Here’s the first definition of the adjective “random” I found in my trusty old 1977 edition of Webster’s New Collegiate Dictionary: “lacking a definite plan, purpose, or pattern.” The Oxford American dictionary defines “random” as “made, done, happening, or chosen without method or conscious decision” (cf. “at random”: “without method or conscious decision: he opened the book at random”).
As a college professor I’ve spent the past dozen or so years surrounded by 18-22 year olds and I’ve noticed a trend with this word. I hear things like “the professor assigned all these random books” or “there were all these random people at the party I’d never met before” or “she spilled her purse and all sorts of random things fell out.” At some point in the past several years the general usage appears to have shifted; now people use “random” to mean something quite different from its denotative meaning. Many students of mine seem to believe that the word means “weird,” “unexpected,” or (worst of all, in my opinion) “confusing.”
But, see, here’s the thing: it doesn’t actually mean any of those things. It means “made, done, happening, or chosen without method or conscious decision.” See the difference? I think it’s unlikely that a professor designing a syllabus chooses a reading list for a class “at random.” Now, if s/he wandered into a library blindfolded and arbitrarily began pulling one book from every row of shelves, that would be a random selection process. I suppose it’s possible that the organizer of the party where “random” people showed just up flipped through the student directory and blindly stabbed a finger at each page then invited whoever the finger happened to point to. But I kinda doubt that’s what happened. And I’ll bet that the poor thing who spilled her purse consciously chose each of the items in she put in there.
Things that are consciously chosen according to a definite plan, purpose, or pattern are not random. Even if you don’t know what that plan, purpose, or pattern is.
And before anyone gives me the whole “language evolves” speech, yeah yeah yeah, I know. But sometimes words mean things and people risk confusing matters or making fools of themselves if they don’t bother to know what the words they use actually mean.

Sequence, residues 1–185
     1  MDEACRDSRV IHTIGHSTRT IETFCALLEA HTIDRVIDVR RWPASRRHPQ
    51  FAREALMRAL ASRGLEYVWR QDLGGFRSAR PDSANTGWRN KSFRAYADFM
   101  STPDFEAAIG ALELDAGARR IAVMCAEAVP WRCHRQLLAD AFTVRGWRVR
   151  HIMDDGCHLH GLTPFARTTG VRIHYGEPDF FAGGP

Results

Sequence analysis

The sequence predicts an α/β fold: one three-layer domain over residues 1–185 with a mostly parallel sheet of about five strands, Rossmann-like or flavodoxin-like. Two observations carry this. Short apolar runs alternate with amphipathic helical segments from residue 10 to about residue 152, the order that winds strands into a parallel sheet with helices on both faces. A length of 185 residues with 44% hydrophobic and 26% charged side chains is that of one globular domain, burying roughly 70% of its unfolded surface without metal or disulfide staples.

Ask Alanis Morrisette if she’s heard any criticism over her use of the word “ironic” in that song of hers.
Ask George Bush to define the word “sovereign.”
Ask Loretta Lynn what is meant by the term “horny.” (scroll to 7:20)
So why am I bothered by this? Because I think it’s a symptom of a more troubling problem: an anti-intellectual tendency to dismiss things not immediately understood. It’s so much easier to label items, ideas, or people “random” than it is to expend a bit of mental energy on figuring out what they might have in common or why they’ve been chosen. Why try to figure something out if it’s not self-evident? The failure to think about stuff in any systematic or scientific way makes it easier to pretend that things are beyond your control, beyond your understanding, and/or beyond your realm of concern. Dismissing things as “random” when someone somewhere actually made conscious decisions about what to include and exclude is an abdication of intellectual ability and, perhaps even, human responsibility. It’s a secular way of saying “I’m too lazy to be bothered with thinking about why things are the way they are.” And I think that’s a problem.
I’ve got no problem with “random” itself. Random can be fun. Here are a few “random” websites, i.e. websites that employ random selection in its true sense–websites that I’ve consciously selected with a specific plan, purpose, and pattern in mind.
Random Word Generator: http://watchout4snakes.com/CreativityTools/RandomWord/RandomWord.aspx
Random Name Generator: http://www.kleimo.com/random/name.cfm
Random Quotations: http://www.quotationspage.com/random.php3
You can also visit http://www.random.org/ and waste several hours doing random things.